I have no idea how old she was, but I am guessing she is old enough to have lived through the 1959 Tibetan Uprising, and has witnessed a lot of changes to Tibet during her lifetime.
Where: Sports Authority Field in Denver
When: March 30, 2014
Stop by and meet Timothy, ask questions, and view the latest innovations in prints and albums.
Mark and Kristen had an exciting and intimate ceremony at Sapphire Point near Breckenridge, Colorado. High winds and cold weather did not deter from the beautiful ceremony with many family and friends in attendance. After there ceremony, the three of us went down to Breckenridge for some wedding photos of the two of them which of course included a stop at the Breckenridge Ice Castles.
I had the pleasure of photographing this beautiful model, Maggie, at the Breckenridge Ice Castles a few weeks ago. A pretty heavy snow started falling in the middle of our shoot which resulted in some pretty dramatic photographs and one very cold model.
Natural light is one of best light sources for photography. Most artificial lighting is designed to emulate natural light. So why is it that so many established professionals cringe when hearing the phrase “natural light photographer” like it was nails on a chalkboard?
The answer is pretty simple. The problem is that when we see a photographer marketing themselves as a “natural light photographer,” it typically means that they are exclusively natural lighting in that they do not use any type of flash or other equipment. This in and of itself is not a bad thing. There are certainly valid reasons to use natural lighting. The problem is that the reliance and natural lighting becomes less of an aesthetic choice, and more due to a lack of familiarity with the basic fundamentals of portrait lighting.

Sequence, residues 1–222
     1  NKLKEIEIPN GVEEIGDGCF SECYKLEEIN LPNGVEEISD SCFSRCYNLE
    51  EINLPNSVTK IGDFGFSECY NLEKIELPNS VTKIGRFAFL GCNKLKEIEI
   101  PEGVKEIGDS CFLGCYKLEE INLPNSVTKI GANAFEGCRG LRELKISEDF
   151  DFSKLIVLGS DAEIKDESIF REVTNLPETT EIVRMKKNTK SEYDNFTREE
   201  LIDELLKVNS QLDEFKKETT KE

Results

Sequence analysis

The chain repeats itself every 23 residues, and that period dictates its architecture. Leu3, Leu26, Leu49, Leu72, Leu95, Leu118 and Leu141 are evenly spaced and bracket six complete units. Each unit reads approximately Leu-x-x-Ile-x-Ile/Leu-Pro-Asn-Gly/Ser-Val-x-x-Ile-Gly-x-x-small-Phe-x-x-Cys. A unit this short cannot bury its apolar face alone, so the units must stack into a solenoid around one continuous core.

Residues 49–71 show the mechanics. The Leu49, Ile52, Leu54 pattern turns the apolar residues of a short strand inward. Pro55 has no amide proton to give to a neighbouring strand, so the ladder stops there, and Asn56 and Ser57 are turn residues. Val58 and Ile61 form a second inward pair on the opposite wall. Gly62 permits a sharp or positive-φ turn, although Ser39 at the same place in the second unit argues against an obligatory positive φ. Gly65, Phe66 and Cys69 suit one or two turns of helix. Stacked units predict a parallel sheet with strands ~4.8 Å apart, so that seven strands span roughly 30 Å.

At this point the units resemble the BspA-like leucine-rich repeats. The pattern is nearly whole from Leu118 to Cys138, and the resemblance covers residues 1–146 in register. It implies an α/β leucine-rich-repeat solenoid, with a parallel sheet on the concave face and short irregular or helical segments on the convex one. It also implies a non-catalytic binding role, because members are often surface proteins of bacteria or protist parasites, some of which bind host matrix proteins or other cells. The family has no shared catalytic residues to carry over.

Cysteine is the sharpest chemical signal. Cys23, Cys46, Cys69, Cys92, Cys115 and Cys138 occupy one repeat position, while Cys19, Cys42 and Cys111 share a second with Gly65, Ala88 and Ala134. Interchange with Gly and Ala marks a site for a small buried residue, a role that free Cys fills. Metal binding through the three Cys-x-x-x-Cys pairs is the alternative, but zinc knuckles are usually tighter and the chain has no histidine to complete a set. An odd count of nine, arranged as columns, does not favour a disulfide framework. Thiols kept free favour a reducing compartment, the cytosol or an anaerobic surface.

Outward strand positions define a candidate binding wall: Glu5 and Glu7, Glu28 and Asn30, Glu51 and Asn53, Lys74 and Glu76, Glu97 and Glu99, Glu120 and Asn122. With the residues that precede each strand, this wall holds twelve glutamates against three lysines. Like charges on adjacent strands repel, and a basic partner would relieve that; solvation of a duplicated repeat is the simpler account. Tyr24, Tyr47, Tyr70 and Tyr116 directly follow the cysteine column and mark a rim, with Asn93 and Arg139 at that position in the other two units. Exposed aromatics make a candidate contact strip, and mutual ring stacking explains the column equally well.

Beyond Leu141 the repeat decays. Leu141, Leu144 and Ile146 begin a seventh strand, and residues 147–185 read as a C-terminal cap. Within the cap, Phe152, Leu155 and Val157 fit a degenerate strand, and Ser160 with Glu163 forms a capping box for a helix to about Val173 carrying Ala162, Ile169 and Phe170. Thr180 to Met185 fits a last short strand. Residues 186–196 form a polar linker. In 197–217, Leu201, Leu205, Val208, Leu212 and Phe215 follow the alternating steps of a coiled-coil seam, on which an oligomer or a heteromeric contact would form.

There are six main types of portrait lighting; short, broad, butterfly, loop, Rembrandt, and split. Which type of lighting to use is dependent on the subject’s face, and the emotional impact the photographer wants to achieve in the portrait. Going into detail on each lighting type is well beyond the scope of a single blog column, but suffice it to say, experienced photographers are well acquainted with the different types of lighting and when to use them.
I actually love shooting in natural light, and use it whenever I can, as shown in the photos below. Broad lighting is makes a face look wider and more masculine, and short lighting tends to make a face look narrower and more feminine. When shooting a bride and groom near open windows, I turn them towards each other, and position his back to the window. This simple posing automatically puts his face in broad light and hers in short light.
What I learned when studying studio lighting is how to be a better work with natural light. I caution new photographers to really evaluate what they mean when they describe themselves as a “natural light photographer,” because it comes off as so limiting.
Each image below is an example of natural light photography describing the thought put into classical portrait lighting techniques.
I photographed this small elopement ceremony in Breckenridge this December.